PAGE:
The timing of Thursday's attacks, coming during President Bush's high-profile visit to the British Isles, is obviously a jab at Prime MInister Tony Blair and his staunch support of Bush policies. Whether the bombs will have the effect in Britain that Al Qaeda would want is less clear.

The war in Iraq won't suddenly become more popular in London. But protests against Bush's visit were suddenly pushed off the nation's front pages, replaced by pictures of shocked and wounded victims of attacks against British targets.

But the attacks did not occur in Britain itself, and the British are famously impervious to intimidation. "I'm not sure this will have any significant impact on Britain," says Daniel Benjamin, an expert on terrorism and the Middle East at the Center for Strategic and International Studies.

The impact on Turkey itself could be severe, judges Benjamin, insofar as it increases insecurity and panic in a nation that has been relatively isolated from much of the violence that has affected the rest of its region.

Such a reaction could complicate US relations with other Muslim nations, given that Washington often points to Turkey as a model of democracy and separation of religion and state for a majority Muslim land.

The nature of the Turkish attacks - two multiple-pronged operations carried out in a short period of time - is just the kind of thing counterterrorism experts have worried about for some time.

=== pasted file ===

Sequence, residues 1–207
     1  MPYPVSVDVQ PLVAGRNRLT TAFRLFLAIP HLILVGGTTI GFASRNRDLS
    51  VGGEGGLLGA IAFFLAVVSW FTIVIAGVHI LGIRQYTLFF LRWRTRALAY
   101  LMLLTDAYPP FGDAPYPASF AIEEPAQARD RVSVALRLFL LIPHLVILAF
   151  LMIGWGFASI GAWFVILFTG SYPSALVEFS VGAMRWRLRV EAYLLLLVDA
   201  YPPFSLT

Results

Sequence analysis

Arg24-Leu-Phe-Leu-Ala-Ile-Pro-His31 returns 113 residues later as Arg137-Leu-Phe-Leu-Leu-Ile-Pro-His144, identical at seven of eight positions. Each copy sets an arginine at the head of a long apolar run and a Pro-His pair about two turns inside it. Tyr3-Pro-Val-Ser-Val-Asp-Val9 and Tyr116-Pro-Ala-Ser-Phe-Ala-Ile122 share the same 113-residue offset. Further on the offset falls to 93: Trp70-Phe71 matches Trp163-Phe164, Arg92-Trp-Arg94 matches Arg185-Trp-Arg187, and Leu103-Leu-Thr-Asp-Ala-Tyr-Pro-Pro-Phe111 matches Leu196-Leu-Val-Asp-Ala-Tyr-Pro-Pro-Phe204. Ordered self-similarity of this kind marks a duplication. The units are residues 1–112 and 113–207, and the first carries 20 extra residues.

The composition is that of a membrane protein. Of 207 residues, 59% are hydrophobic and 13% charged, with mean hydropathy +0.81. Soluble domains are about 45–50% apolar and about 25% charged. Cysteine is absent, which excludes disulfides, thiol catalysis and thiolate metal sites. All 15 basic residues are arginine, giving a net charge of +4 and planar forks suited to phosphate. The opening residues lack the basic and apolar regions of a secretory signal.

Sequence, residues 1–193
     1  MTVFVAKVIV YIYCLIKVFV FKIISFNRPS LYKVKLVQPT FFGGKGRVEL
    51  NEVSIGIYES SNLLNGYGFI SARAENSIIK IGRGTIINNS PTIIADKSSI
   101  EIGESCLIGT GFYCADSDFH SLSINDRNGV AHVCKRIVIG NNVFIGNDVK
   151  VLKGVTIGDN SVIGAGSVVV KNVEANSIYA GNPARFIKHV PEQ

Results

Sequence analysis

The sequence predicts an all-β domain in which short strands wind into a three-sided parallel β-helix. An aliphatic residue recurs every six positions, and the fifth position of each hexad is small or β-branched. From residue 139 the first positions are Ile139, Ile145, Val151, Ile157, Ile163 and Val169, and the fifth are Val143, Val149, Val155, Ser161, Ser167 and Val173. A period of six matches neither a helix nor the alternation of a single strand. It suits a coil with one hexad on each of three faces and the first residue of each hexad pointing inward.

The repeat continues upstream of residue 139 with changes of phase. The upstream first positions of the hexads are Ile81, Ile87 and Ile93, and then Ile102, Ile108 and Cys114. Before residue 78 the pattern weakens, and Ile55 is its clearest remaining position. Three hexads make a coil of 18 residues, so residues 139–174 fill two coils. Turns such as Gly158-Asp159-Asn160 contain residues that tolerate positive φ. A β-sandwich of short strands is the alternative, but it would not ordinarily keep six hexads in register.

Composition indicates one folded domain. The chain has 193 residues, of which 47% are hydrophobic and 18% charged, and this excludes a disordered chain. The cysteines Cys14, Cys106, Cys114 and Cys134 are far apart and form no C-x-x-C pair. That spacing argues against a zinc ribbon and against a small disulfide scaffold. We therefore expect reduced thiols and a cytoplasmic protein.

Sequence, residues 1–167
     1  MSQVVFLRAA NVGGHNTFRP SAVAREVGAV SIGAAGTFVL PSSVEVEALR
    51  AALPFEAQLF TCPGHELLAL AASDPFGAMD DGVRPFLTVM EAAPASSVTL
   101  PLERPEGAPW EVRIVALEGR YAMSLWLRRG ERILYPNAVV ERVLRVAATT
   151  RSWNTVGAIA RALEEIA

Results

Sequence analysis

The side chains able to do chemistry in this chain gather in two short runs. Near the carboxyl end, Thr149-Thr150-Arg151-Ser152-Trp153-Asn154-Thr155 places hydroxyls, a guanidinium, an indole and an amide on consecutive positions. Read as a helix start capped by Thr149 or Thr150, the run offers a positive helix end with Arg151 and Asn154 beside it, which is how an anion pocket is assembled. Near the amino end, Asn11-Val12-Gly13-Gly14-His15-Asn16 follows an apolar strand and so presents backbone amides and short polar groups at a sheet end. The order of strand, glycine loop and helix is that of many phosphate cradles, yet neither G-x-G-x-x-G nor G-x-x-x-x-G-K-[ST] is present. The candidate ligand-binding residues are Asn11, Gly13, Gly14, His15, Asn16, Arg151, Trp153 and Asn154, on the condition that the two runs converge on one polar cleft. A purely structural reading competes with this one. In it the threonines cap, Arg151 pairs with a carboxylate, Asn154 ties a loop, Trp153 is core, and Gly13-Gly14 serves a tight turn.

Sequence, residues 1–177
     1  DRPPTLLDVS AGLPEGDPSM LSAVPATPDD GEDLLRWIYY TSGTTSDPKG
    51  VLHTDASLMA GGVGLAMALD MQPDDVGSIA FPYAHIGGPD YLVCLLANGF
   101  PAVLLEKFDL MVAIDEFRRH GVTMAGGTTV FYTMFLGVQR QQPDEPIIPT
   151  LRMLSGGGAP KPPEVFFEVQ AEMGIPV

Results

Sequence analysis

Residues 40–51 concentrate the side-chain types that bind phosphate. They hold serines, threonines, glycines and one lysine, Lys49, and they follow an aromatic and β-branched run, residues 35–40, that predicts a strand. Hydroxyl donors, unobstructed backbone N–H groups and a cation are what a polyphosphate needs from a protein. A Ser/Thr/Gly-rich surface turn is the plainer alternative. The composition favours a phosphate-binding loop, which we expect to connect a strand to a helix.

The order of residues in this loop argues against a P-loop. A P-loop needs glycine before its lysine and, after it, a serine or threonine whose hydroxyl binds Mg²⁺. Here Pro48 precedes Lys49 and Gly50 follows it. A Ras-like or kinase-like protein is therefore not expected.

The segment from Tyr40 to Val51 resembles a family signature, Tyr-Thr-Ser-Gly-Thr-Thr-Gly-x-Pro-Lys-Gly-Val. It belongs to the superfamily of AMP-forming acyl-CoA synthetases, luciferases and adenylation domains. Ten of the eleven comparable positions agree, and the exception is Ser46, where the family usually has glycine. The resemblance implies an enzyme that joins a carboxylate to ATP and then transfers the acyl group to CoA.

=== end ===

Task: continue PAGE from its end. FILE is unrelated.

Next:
"That is hugely damaging for the Turks, and for people everywhere, I think," says Daniel Benjamin of CSIS, who is also the co-author of "The Sacred Age of Terror." "If they can do it there, they can do it elsewhere."

But sowing fear and discord among the nations arrayed against it is likely only one of Al Qaeda's strategic aims.

Given the drama and deadliness of the Sept. 11 attacks, it is easy to forget that Al Qaeda's first target was not the West but other Muslims.

Some of the strongest language in the early communiqués of Osama bin Laden and his associates was directed at Hosni Mubarak of Egypt, the ruling family in Saudi Arabia, and even Ataturk, founder of the modern Turkish state. Their crime, in Al Qaeda's eyes: attempting to modernize and in some cases secularize their states.

Bin Laden and Turkey

Thus bin Laden talked about the need to restore the caliphate in Turkey, and remake authentic Muslim states governed by Islamic law.

"It's important to remember that actually, the US is not the primary target," says Jerrold Post of George Washington University. "The primary target, if you go back to a lot of the earlier writings of bin Laden and [associates], was these apostate regimes."

Attacking the US was itself something of a strategic, phased shift of strategy, judges Post. Egypt and Saudi Arabia might in some way have even been a little relieved to see bin Laden turn his ire on a more distant, more powerful nation, he says.

For strategic reasons, bin Laden had decided to go after targets that were far. Now he may have shifted back to targets that are near - or at least, nearer to his base of support.

"I see this as reflecting a threat to all Muslim states and leaderships," says Dr. Post.